The people I knew included my physical therapist, whom I hadn't seen since 2019. She suffocated me in an embracing and long hug the moment I walked in the door. I stiffened at first, having determined previously that I didn't want physical contact, but she was so sincere, and I like her so much that it was only a moment of light panic, and then I hugged her back with similar intensity. 

I also saw a former county supervisor, whom I'd really enjoyed working with and was sorry to see retire many years ago, a cousin who said she wants to meet for coffee, my dear friend Leslie (another hug) and her brother, who informed us he had retired as a surveyor that very day, (I also called him by another brother's name, oops), and an ex-husband of another dear friend. I also greeted a former employer and his wife, a contractor and his wife, both of whom have known my husband most of his life, a former high school pal, a former firefighter's wife, and of course Karen, who was throwing herself this bash.

I had a couple of chicken salad sandwiches and a cookie, along with water. A pile of articles about Karen sat on the end of one table, and I only had to flip over a page before I saw my byline, again and again. I've written so much about this county and its people over the last 30 years. Of course I'd written about Karen. In fact, I wrote the first article about Karen's business, I think.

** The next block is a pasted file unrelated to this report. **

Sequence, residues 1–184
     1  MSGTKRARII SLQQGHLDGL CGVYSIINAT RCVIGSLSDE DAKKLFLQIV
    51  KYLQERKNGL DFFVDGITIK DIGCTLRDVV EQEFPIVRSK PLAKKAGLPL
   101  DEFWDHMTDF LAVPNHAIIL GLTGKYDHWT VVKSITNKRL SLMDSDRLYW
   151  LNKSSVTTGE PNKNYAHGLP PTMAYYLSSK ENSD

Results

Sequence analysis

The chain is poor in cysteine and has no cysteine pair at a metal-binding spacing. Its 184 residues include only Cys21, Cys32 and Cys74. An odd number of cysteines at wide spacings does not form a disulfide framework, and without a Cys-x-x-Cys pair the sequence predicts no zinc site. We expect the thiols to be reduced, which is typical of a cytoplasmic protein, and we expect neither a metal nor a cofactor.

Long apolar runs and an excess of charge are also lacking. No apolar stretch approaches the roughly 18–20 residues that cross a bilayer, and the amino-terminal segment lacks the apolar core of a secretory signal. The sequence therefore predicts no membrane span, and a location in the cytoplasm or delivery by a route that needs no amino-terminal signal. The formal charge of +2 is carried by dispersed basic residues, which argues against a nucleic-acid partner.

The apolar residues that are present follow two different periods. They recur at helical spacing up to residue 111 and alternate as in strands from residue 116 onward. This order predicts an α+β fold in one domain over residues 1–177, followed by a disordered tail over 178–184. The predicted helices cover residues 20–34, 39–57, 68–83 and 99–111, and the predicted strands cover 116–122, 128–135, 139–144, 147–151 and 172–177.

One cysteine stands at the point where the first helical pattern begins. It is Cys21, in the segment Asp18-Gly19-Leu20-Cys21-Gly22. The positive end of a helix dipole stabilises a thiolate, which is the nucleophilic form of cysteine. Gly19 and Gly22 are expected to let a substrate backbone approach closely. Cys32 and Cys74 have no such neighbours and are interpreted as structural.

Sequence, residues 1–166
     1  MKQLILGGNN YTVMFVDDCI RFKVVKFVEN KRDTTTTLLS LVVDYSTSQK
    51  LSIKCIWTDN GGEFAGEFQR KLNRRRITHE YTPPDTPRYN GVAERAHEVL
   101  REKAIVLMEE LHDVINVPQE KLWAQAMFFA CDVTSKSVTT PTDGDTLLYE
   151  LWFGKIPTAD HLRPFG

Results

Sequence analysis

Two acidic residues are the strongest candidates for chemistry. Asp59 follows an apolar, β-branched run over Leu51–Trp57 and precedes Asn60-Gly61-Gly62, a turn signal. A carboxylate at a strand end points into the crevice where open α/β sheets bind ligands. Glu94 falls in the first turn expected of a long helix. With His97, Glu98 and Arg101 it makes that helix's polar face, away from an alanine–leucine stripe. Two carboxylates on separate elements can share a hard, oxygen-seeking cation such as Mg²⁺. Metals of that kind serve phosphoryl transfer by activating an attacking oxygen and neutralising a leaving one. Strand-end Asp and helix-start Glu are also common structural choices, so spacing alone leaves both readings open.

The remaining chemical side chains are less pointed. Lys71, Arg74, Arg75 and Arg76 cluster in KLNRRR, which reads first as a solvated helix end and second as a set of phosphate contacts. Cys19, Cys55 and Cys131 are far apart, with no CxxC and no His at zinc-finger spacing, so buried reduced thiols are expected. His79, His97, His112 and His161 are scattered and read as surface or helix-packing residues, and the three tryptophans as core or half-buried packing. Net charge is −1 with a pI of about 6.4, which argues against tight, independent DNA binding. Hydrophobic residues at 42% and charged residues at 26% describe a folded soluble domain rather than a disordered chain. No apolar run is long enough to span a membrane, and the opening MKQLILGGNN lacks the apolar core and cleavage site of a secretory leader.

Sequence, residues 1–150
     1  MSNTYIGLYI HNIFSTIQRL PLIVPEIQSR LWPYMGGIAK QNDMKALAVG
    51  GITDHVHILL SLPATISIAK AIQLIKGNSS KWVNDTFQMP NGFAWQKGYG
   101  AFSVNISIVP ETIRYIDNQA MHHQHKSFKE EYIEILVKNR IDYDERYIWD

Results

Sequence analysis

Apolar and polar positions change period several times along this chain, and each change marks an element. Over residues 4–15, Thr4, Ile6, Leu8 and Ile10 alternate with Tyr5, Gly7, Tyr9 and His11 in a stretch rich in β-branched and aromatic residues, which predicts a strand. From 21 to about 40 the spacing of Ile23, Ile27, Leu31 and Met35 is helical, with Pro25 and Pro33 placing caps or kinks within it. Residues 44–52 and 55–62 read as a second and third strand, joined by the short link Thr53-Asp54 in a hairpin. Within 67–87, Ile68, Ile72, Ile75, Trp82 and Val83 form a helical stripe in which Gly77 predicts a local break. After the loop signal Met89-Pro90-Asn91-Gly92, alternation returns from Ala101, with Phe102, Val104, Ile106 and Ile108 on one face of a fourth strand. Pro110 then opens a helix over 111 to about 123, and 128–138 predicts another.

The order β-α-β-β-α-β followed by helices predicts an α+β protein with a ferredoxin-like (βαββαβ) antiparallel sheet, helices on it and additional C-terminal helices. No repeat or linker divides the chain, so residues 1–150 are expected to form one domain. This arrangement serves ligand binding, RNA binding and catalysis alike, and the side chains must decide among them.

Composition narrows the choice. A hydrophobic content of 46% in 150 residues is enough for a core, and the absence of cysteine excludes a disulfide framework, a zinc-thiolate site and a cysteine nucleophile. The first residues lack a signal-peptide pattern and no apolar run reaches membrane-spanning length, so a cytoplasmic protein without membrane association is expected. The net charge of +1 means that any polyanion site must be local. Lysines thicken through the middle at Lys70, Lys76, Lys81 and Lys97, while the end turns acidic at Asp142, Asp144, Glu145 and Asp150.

My former employer (a lawyer then, retired now) saw one of the articles and then chased me down to show me. "Here's your name," he said, thrusting the story at me. He pointed it out to someone I didn't know. "She wrote this."

Yes, I wrote that. It was nice to know it meant something to someone, or several someones, even though it was years old.

No one had on masks, including me. Everyone is over that, although I still wear one when I go pick up drugs at the drug counter. If there are going to be germs anywhere, it's in there. I had a mask in my pocket, but I didn't put it on (I admit it was tempting).

Almost everyone was dressed up, in nice work clothes or church clothes, including us (although I had on my sneakers because I can't get my orthotic in any other shoe). I enjoyed myself. My husband enjoyed it. We left after an hour, with things still going full swing, when I finally felt the perfumes and smells seeping into my lungs and felt an asthmatic wheeze coming on.

I guess I'm coming out into the world again.